The Edit

Liz Copeland

Liz Copeland shares her favourite apps for leadership, making decisions and getting things done.

Liz Copeland of works with CEOs, executives and high fliers who want to be a leader in their own lives, as well as influence the lives of others. Liz has studied Psychology and has qualifications in Coaching & NLP and is experienced at public speaking, training and one-to-one coaching.

Here she shares her favourite apps for leadership, making decisions and getting things done.

Phone Timer - It sounds basic but timer setting on your phone is actually one of the most useful apps you can have, especially if there is something you really don’t want to do or a task that you know will be difficult to start or finish.

If it is a task you dislike set your timer for 10 minutes: if you’re not in unbearable pain you can stand 10 minutes of almost anything! So do what you have to do in 10 minutes and when the timer goes you have the option to continue or stop.

If you have a task where you know you will lose all sense of time and spend all day whilst working on it, so other things don’t get done, again the timer on your phone is useful. Set the timer. Usually working on something for between 40 and 90 minutes is ideal. This is long enough to get into the task but not so long that you become weary and lose concentration. You can set your timer to work at 90 minute intervals with short breaks in between and then optimise your efficiency and be refreshed so you can concentrate fully.

Dragon NaturallySpeaking - Strictly speaking this needs a lot of processing power and therefore is most appropriate for a laptop rather than a phone. This is a voice recognition programme that will take dictation so that you can talk to get text into documents rather than typing: helpful if you have a lot of typing to do or are susceptible to repetitive strain injury. Or, if like me, your typing is very bad!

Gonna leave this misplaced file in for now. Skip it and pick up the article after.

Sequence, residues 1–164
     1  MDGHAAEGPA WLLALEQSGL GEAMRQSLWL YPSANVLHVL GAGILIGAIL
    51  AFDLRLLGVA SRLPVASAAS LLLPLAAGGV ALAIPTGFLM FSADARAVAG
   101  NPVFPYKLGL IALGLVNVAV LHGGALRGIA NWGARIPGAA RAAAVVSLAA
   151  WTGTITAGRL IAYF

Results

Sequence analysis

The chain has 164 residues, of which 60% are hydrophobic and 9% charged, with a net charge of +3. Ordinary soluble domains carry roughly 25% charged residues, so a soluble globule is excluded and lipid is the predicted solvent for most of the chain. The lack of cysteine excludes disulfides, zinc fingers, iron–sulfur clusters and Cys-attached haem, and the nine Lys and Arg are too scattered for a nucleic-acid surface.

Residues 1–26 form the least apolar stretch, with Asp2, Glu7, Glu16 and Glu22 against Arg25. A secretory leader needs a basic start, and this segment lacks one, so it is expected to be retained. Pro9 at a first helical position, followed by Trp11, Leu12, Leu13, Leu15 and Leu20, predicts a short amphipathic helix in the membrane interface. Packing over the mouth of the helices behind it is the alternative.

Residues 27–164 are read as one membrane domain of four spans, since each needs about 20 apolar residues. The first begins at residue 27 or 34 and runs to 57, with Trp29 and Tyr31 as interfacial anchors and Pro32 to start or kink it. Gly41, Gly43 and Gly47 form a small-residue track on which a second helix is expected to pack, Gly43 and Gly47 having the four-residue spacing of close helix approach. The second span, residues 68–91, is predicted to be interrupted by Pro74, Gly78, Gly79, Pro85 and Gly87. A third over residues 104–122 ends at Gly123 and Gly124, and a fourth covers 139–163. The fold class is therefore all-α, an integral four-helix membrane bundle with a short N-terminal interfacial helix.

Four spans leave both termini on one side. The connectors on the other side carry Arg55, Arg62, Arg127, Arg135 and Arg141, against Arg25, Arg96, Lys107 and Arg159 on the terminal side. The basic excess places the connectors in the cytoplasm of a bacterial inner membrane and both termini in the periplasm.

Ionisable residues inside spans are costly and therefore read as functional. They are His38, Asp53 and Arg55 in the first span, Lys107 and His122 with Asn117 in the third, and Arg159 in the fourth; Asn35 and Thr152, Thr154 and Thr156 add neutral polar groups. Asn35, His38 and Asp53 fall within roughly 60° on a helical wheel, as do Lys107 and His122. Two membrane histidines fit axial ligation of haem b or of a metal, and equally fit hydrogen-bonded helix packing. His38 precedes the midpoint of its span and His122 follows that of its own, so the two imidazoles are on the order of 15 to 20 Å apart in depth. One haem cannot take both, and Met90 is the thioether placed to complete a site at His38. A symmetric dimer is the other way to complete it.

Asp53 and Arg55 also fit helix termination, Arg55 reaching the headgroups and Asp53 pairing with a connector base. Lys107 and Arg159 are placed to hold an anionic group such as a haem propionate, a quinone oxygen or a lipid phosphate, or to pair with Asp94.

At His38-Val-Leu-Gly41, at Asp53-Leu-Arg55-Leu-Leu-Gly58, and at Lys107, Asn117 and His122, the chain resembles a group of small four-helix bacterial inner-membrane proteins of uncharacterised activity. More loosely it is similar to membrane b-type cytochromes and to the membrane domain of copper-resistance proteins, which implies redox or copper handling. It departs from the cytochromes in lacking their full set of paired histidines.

There may be free dictation software with your computer but the Dragon is easier to train and gives better results! When you first set up the software you have to train it to recognise your voice but this isn’t difficult. If you’ve used previous versions, this latest one is far superior and a lot easier to use. Once you have trained the Dragon you will find it a lot easier to talk rather than type. If all you intend to do is type documents using Word or similar software the Dragon home version will be all you need. If you want total voice control of your computer and want to be able to use PowerPoint and Excel using this software you will need the premium version.

Sticky Notes - We all love sticky notes in real life so why not get them on your phone too! There is something about the throwaway nature of sticky notes that make them very useful for jotting down random ideas and creative thoughts. With the sticky notes app you can have different colours of sticky notes for different categories of thoughts. I like the eye-catching format: clever in that it works in exactly the same way that physical sticky notes do in real life. I use it to capture ideas when I am out and about. Various version are available – my favourite is Sticky Notes by Droid-Veda LLP. You can use different fonts and text size and when you have created a sticky note you can share it on social media or send the text in an email.

Brain Training - Anything that gets your brain ticking over in new and different ways is good, which is why the brain training Apps are wonderful for those wasted moments on the train or tube when you haven’t got enough time to get into your book…or the space to open your newspaper. Peak offers a free version with a decent selection of games to revive a flagging memory, refresh word skills and rev up your focus and mental agility. You can see how you fare against others in the same age group, and watch your progress week by week. There is also a premium edition available, with more games and a more personalised programme.

Choice Map - We are all used to using pros and cons in decision making, but this App allows you to list your priorities on your phone and assess each option according to what’s important for you. It’s not something that I would suggest basing your company’s business plan upon, but it’s helpful for anyone who finds it hard to make decisions to get used to the mechanics of decisions making, and get comfortable with the process.

HBR Tips - An App jam packed with business tip from one of my favourite publications. The Harvard Business Review. Each day you’ll get short (and I mean short) articles and tip on leadership and management which you can then savour or share. Recent pieces include “Are you acting like a pushover” and “Focus on persuading your employees, not directing them.” A quick, but nevertheless inspiring, ten second read.

August 2015